How many times a day do you access a website? To check your bank account balance, fill out medical forms or apply for a car loan? These simple tasks we perform on a daily basis become much more difficult if your vision or hearing is impaired and a website is inaccessible. 

Enter, the Americans with Disabilities Act. The ADA was passed in the early 90s, but in 2010, the Justice Department released the 2010 ADA Standards for Accessible Design, and it’s been determined that “design of the physical space” includes websites.

Though official guidelines for web compliance aren’t projected to be released until 2018, there are things you can do now to ensure users with impairments can still easily use your website and meet the guidelines of the 2010 update.

What does the ADA say?

The ADA’s guidelines for accessible websites are projected to look like the World Wide Web Consortium’s Web Content Accessibility Guidelines 2.0, Level AA (WCAG 2.0), which the Justice Department has used in several lawsuits. WebAIM developed a checklist to assist businesses in meeting the guidelines, but here are the basics, straight from the WCAG 2.0 guidelines.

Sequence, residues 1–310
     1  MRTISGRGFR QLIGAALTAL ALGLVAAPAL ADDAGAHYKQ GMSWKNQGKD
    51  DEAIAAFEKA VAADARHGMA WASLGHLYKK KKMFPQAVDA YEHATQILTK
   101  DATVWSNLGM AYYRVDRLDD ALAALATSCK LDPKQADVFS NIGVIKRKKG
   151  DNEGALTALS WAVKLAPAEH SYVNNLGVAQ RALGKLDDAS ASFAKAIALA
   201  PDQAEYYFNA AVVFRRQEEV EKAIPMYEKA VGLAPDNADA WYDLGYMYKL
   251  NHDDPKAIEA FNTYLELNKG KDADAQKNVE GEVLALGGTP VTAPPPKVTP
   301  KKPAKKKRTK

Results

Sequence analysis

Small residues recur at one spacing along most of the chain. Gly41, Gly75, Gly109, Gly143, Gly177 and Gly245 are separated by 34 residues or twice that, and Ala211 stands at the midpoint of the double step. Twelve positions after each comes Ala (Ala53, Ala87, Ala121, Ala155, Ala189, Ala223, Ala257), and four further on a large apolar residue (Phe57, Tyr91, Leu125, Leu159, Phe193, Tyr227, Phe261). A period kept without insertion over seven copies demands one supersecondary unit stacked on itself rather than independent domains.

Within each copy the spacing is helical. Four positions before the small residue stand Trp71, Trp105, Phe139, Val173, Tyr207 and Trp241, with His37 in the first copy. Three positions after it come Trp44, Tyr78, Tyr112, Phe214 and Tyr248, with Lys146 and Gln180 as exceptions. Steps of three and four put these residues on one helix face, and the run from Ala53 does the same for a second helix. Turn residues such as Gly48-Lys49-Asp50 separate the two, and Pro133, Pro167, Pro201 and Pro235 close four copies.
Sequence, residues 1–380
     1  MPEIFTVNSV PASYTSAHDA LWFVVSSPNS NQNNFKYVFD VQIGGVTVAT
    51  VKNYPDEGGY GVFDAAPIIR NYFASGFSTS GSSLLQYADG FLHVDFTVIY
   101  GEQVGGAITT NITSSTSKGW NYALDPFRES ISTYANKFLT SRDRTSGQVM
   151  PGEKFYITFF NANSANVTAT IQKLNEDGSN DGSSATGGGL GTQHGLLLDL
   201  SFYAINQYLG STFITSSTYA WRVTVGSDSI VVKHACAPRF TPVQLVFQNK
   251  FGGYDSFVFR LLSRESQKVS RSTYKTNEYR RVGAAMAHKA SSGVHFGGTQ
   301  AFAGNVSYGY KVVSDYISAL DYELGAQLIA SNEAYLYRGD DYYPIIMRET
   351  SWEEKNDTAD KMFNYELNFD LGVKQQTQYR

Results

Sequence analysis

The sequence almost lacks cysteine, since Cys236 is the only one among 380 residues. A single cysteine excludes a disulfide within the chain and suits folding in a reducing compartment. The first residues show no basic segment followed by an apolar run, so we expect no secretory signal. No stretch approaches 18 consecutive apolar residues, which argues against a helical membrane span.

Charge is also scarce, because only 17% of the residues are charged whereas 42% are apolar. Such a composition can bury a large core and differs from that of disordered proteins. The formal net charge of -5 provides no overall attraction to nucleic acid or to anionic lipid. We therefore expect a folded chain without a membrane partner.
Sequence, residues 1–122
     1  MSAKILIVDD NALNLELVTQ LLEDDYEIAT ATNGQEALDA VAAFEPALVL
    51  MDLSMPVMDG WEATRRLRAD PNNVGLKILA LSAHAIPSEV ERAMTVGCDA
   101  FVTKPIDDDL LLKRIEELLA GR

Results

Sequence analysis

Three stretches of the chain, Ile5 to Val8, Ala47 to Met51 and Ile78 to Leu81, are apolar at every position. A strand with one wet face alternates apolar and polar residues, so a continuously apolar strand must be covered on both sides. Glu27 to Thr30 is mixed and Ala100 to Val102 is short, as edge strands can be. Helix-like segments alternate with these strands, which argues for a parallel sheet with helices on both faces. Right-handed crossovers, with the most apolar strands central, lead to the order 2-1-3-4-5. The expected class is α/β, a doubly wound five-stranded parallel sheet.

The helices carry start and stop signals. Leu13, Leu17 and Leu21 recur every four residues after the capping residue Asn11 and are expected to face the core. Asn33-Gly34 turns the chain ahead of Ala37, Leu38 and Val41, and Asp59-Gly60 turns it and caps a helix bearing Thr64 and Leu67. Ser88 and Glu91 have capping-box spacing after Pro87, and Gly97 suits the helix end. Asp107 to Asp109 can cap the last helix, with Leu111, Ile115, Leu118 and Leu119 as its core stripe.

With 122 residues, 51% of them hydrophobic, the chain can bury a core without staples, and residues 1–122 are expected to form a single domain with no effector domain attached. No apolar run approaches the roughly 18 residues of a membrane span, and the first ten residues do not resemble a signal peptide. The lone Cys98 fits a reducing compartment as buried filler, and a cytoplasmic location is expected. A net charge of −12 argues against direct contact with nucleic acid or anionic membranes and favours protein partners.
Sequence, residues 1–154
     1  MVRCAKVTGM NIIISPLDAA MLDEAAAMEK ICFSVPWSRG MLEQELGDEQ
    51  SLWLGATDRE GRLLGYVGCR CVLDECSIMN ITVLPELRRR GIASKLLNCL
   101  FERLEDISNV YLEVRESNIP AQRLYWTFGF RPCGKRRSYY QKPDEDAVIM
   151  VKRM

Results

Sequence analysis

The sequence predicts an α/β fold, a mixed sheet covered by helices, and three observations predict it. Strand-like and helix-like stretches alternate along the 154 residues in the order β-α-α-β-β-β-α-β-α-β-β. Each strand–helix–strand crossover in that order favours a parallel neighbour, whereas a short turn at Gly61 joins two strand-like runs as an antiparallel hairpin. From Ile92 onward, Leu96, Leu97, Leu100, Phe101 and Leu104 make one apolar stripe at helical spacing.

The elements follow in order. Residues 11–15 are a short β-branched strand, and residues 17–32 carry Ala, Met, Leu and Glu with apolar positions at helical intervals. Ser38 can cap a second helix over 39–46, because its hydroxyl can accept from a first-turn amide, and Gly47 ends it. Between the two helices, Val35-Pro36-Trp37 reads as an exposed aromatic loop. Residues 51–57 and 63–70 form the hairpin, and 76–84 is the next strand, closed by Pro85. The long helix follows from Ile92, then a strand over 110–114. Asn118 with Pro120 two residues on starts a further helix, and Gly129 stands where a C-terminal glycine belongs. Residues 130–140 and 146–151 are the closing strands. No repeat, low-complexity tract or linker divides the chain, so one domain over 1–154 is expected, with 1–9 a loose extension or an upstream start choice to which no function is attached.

Perceivable:

Operable:

Understandable:

Robust:

So ... Where do I go from here?

Quite simply, make sure your website complies with these guidelines! Most of these items can be taken care of during website development, so simply ensuring your developers are aware of the requirements will go a long way. Plus, the WCAG 2.0 provides developers with handy dandy instructions on how to meet the guidelines.

But if your website doesn’t meet all of these requirements, don’t worry; the changes don’t have to happen overnight, and you don’t need to hire a lawyer to plead your case. Like with a physical space, the law allows for transition plans, exemptions, etc.

If you’re considering redesigning your website, make sure the agency you choose is aware of the guidelines and will ensure your website is compliant. Contact us today to learn more.